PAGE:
How does Trevor Noah use the contrast between tone and subject to both create humor and convey importance in Born a Crime?

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In Born a Crime, Trevor Noah often uses the contrast between a light tone and a serious subject to create humor and convey importance. The author's comic delivery initially makes the subject appear to be a joke, but this lighthearted introduction finally serves to emphasize the seriousness of the topic.

An early example of this technique occurs at the beginning of the first chapter, "Run." Noah opens with a description of the nonchalant manner in which the heroes of Hollywood action films handle being thrown out of a moving car. He then remarks that when he sees such films, he thinks:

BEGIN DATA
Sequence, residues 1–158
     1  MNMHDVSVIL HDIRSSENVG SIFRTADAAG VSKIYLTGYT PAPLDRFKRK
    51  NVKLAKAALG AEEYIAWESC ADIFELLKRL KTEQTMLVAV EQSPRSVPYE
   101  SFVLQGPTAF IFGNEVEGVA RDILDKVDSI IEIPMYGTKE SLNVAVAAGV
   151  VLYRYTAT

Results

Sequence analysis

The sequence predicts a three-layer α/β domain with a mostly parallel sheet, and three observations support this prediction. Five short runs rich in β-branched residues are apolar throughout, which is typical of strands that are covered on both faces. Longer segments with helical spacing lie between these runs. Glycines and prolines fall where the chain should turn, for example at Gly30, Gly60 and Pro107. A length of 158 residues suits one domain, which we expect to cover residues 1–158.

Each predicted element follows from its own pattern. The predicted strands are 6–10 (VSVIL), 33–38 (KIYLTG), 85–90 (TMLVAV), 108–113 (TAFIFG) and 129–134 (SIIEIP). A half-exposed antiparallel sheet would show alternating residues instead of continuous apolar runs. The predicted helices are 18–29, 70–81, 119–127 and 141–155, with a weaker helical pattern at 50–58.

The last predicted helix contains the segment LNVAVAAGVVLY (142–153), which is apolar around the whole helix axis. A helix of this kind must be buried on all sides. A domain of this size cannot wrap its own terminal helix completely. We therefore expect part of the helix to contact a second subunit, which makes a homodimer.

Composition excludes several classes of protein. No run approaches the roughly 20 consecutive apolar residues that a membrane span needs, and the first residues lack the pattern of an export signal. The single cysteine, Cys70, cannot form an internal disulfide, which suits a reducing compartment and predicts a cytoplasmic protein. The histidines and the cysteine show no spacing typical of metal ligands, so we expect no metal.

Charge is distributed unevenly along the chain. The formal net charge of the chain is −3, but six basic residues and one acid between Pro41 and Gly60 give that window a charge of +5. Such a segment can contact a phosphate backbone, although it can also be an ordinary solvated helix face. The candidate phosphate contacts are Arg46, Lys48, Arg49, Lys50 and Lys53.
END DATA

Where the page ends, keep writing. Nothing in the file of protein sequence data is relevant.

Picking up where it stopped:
That’s rubbish. Getting thrown out of a moving car hurts way worse than that.

Only then does Noah reveal that he was himself thrown out of a moving car at the age of nine.

Noah employs this technique many times throughout the book. He is also expert in juxtaposing the frivolous and the serious to render the latter more shocking in such chapters as "Go Hitler!" Noah refers humorously to a friend of his called Hitler and then makes the serious point that powerless people are drawn to this name because Hitler was powerful:

So if you want your dog to be tough, you name your dog Hitler. If you want your kid to be tough, you name your kid Hitler. There's a good chance you've got an uncle named Hitler. It's just a thing.

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